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What actually is a Makerspace...

Slowly rising in numbers since their creation in 2006, makerspaces are popping up all over the place, showing just how popular they’re becoming. But what is a Makerspace? In simple terms a ‘makerspace’ is a place to work on projects, while also sharing ideas, equipment and knowledge. Every makerspace is unique and individual to itself coming in a range of shapes and sizes, as there is no specific set of rules to follow when creating your own.

Samantha Roslund’s book ‘Makerspaces’

Creativity - Makerspace

Samantha Roslund’s book ‘Makerspaces’ defines makerspace as “a general term for a place where people get together to make things. Makerspaces might focus on electronics, robotics, wood working, sewing, laser cutting, programming, or some combination of these skills”. However, they can be as high or low-tech as you’d like as there is no right or wrong way to begin. You could start with a repurposed book cart filled with arts and crafts supplies, a table set up with LEGO, or you may be lucky enough to have a full blown lab with 3D printers and lasers.

With no age limit, makerspaces are typically a space that will encourage play, exploration and participatory learning.

With no age limit, makerspaces are typically a space that will encourage play, exploration and participatory learning. These spaces are designed to allow you to learn through experimenting. For example, you could take apart old pieces of technology, learning about every piece you take apart before using those parts to build your own robot. Not only are you learning about the specifics of what makes a certain piece of technology work, you also have to use your design skills to make something new. These spaces also encourage collaborative learning, where educators and students pool their skills and knowledge and share in the task of teaching and learning, developing a culture of creating as opposed to consuming.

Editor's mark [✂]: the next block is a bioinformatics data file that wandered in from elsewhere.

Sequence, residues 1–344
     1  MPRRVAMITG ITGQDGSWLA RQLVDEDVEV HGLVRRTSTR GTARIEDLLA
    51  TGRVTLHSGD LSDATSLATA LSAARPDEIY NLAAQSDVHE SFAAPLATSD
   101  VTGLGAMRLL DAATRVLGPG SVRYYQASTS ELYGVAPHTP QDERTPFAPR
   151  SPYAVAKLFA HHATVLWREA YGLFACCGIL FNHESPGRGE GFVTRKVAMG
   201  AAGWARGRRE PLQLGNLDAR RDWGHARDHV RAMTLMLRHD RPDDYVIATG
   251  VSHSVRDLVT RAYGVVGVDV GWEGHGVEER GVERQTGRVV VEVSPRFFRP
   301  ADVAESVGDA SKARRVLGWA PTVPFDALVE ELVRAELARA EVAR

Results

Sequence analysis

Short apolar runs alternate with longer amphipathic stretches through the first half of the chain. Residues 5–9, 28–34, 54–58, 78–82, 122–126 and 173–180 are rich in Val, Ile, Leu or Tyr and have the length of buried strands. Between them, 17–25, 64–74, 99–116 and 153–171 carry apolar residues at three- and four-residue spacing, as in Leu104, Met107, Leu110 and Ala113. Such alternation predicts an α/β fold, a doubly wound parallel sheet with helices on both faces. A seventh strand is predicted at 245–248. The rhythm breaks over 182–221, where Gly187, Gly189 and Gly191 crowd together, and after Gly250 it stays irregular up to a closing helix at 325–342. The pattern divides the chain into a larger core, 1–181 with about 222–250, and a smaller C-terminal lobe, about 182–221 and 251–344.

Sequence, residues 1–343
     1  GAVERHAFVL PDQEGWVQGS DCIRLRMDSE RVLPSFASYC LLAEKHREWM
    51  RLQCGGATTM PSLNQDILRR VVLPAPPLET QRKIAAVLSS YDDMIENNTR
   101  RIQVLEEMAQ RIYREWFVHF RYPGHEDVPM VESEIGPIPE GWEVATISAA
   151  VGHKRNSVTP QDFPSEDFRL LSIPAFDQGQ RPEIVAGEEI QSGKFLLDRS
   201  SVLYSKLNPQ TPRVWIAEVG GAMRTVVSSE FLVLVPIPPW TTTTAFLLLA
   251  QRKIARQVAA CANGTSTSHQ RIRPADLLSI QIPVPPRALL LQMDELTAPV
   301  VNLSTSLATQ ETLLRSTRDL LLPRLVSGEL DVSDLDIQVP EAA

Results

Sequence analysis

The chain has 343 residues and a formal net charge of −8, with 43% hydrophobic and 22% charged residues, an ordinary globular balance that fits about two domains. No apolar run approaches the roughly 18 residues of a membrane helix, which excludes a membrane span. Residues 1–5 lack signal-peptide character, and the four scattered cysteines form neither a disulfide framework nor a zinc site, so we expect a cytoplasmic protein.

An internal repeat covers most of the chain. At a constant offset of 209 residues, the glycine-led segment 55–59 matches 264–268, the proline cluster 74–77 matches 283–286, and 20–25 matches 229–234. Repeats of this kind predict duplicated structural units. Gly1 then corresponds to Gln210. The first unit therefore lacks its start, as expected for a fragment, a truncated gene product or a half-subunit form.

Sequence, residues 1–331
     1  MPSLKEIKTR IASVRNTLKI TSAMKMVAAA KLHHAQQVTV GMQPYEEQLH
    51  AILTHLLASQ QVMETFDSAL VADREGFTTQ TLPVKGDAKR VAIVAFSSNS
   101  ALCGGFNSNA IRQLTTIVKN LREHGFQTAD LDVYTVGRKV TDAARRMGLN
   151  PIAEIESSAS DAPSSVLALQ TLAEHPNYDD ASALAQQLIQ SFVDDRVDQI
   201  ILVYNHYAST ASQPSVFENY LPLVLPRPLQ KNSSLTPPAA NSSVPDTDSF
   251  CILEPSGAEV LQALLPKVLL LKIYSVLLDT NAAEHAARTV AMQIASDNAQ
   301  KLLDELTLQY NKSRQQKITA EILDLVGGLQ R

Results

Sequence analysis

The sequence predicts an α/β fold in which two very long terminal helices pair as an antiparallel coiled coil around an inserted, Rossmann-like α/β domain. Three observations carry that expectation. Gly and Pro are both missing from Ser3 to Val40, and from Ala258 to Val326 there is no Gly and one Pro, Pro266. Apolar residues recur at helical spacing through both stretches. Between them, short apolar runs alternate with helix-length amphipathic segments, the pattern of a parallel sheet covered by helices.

Space - Makerspace

Nesta published an open dataset of UK Makerspaces in 2015 that has some interesting information collected from the 97 UK makerspaces they identified in their research.

Makerspace - Tools

  • Nearly every city has at least one Makerspace while every UK region has at least two
  • Digital fabrication tools were the most commonly reported type of tool, followed by general hand tools, electronics, and woodwork tools
  • Half of the spaces also had computing tools
  • Over half of the spaces provide tool inductions, with 68% offering formal courses and 79% offering informal help
  • Approximately three quarters of makerspaces have some form of membership, although half do welcome the public during set hours
  • Some makerspaces offer additional services including school programmes, commercial consultancy, affiliated programmes and qualification opportunities

There have been some fantastic success stories for multiple makerspaces since their arrival in the UK. Build Brighton, for example, came runner-up in the Great Global Hackerspace Challenge in 2010, as well as producing a ‘phonics owl’ that taught children how to spell based on RFID cards and phonics ‘cubes’ placed into a holder. Both amazing achievements!

Setting up a Makerspace couldn’t be easier and is a massive investment in the community. With an abundance of advice and tips online, you’ll be surprised by the amount of support you’ll get if you do decide to set up your own Makerspace.